Finally, at least for commercial vans and tractor trailers, the exterior surface could be covered with some form of photovoltaic materials, to provide a trickle-charge to the battery system when the vehicle is in.  While many people scoff at the capacity and efficiency of such materials, they are getting better all the time.  It might help to extend the range of a vehicle if it was taking advantage of solar loading whenever possible.  In this regard, I hope you will consider tractor-trailer rigs, since this would be another large market that might benefit from a conversion kit option (and someone else may already be working on it).  The trailer bodies would also present large surface areas, at least on the roof, to collect solar power when conditions are good.


Ismail Abdi

Jan 13, 2018
03:37

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The proposal is very well written .keep up your work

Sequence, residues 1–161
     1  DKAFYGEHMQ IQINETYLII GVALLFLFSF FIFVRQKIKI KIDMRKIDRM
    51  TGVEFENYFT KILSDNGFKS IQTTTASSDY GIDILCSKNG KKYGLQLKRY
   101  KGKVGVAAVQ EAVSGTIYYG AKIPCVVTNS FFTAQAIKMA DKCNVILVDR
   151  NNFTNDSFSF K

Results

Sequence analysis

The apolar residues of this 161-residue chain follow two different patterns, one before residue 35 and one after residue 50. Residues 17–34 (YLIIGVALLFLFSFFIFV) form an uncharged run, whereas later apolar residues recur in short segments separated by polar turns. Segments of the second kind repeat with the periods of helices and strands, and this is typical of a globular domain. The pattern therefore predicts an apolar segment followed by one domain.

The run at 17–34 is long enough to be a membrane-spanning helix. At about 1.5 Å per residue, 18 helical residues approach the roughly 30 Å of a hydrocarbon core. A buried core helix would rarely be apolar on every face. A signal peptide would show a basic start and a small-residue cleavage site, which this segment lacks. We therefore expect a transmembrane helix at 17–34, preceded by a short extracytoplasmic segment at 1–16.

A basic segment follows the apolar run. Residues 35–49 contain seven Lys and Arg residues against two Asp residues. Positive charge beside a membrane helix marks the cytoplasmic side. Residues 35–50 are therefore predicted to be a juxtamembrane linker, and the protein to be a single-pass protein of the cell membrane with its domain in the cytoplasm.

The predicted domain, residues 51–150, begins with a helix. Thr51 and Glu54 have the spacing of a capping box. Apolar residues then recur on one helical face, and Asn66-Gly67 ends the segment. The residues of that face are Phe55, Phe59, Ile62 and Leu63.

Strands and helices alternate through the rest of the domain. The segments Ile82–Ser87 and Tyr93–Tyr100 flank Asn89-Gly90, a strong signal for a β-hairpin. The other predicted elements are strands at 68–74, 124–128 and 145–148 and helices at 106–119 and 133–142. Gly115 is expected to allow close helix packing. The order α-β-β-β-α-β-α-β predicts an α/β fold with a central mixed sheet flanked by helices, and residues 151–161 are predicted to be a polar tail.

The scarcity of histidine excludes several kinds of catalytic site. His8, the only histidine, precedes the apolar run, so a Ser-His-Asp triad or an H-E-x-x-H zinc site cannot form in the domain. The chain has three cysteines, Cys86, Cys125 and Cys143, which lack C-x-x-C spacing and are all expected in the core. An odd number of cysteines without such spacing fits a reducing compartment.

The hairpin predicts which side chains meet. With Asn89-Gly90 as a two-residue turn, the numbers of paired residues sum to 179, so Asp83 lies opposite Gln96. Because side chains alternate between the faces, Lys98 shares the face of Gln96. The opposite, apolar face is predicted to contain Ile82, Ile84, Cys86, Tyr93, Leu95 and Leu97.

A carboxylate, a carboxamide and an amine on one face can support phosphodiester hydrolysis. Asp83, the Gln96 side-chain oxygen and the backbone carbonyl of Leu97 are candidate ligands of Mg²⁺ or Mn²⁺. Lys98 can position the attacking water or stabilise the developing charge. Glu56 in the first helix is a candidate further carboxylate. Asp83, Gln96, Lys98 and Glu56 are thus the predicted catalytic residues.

Bill Ferree

Jan 13, 2018
11:18

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Thanks for your contribution to the conversation, Noel. Here are my thoughts on the issues you raise.

  • Integration of battery electric drive with autonomous vehicles is an exciting field of development right now. The autonomous part of it seems to be coming sooner than I expected. Apparently, it is economically viable, and I suspect proponents will soon have data to back up claims that it is safer.

    I have seen no claims for significant reductions in greenhouse gas emissions with driverless vehicles, however. Also, I haven't seen signs of interest on the part of manufacturers in building combustion-engine powered autonomous vehicles. It suggests the future is autonomous and battery electric drive.

  • You raise the issue of job loss with autonomous vehicles. It's an issue to watch, but maybe one not as impactful as some other innovations over the past few decades. Consider what the UPS driver actually does. Controlling the vehicle as it navigates along its fifty-mile delivery route is only part of the driver's work day. I would venture driving is something less than a fourth of the work contributed. If 25 mph is the average speed, it's two hours of driving during an eight hour shift.